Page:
“So it is,” I said, nodding. “Thank you.”
There were only five boxes and a suitcase in the truck bed, along with an old wooden chair I couldn’t part with, which in hindsight, seemed pretty odd.
Luke grabbed the first box I pointed to as the driver appeared, ready to help load his SUV with my belongings. The driver was a portly, older man with dark hair, graying around the edges, and he was dressed in a black suit.
I grabbed my suitcase and pushed it into the vehicle. I went back to the cab of my truck, grabbed everything off the seat and inside the console and shoved it into a bag. It felt odd leaving the truck behind. It had become home over the last week and it was mine; one of the few things that was. The moment I figured out what happened with my bank account, I’d get my truck, but for now, I needed to get to the house and internet. I shoved my bag and purse onto the floor of the front seat.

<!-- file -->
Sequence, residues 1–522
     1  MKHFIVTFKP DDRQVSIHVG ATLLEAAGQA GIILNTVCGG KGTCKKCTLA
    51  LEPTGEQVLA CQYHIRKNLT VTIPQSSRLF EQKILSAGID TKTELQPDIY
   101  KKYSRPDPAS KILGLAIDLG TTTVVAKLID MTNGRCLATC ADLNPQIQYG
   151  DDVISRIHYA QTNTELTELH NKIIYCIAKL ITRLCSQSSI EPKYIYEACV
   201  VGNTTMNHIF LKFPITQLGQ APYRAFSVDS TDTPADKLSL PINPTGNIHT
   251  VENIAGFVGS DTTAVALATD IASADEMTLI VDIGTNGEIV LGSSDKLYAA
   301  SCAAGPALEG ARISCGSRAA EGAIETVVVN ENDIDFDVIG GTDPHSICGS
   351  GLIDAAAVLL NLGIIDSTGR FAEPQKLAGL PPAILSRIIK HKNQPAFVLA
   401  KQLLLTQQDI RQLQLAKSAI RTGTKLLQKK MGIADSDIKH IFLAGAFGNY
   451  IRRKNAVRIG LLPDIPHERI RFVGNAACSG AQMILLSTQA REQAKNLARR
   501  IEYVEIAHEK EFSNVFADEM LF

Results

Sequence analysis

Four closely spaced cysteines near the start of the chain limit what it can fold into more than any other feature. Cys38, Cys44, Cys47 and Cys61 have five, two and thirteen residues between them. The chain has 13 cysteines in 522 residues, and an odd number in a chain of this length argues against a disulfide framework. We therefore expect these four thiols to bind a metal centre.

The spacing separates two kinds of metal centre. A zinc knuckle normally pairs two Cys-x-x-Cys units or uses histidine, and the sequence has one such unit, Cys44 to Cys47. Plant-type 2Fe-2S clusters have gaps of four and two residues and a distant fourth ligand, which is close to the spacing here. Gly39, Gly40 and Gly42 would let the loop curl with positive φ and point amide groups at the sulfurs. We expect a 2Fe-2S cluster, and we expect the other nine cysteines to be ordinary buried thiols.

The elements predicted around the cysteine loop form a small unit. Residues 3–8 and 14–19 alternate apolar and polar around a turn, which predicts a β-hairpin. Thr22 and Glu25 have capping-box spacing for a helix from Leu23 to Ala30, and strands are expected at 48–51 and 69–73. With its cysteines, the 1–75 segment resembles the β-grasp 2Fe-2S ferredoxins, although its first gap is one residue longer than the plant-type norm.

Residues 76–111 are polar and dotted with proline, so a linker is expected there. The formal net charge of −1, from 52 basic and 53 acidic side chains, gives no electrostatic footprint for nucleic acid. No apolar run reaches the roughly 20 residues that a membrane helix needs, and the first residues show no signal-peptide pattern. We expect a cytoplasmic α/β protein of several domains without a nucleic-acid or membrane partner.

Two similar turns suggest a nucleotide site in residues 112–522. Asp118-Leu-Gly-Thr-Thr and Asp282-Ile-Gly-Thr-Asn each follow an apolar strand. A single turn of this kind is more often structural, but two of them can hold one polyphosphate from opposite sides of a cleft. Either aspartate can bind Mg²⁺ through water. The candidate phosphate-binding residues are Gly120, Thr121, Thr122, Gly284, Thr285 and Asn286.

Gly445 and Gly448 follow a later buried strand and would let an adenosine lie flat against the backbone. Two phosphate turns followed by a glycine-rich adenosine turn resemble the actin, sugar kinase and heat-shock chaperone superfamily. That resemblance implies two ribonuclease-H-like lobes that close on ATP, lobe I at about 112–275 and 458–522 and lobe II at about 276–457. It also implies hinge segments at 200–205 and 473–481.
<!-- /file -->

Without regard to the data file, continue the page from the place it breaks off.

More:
Everything had been transferred to the SUV and relief spread through me, knowing I wouldn’t have to leave anything behind in the truck. I climbed into the SUV as the driver did the same.
Luke walked over to me and stood next to the open door. “Remember, if anything else comes up, you have my number.”
“Why are you being so kind?” I asked softly.
His eyes locked on mine and he smiled.
“You looked like you could use a little kindness in your world. Welcome to California.” Luke closed the door and took a step back, waving as the driver turned on the ignition and stepped on the accelerator.
“Where to, Miss?” the driver asked.
I gave him the address and his jaw tensed. “Are you sure about that address?”
“That’s the one I was given. Why?” I asked.
“It’s not a good part of town. That’s all.”
“Oh. Well, that’s where I’m headed.”
“Very well,” the driver said, turning the vehicle onto the main road.
I looked out the window and saw Luke still following the vehicle with his gaze. I gave him a quick nod and prayed that whatever was waiting for me wouldn’t be worse than what I left back home.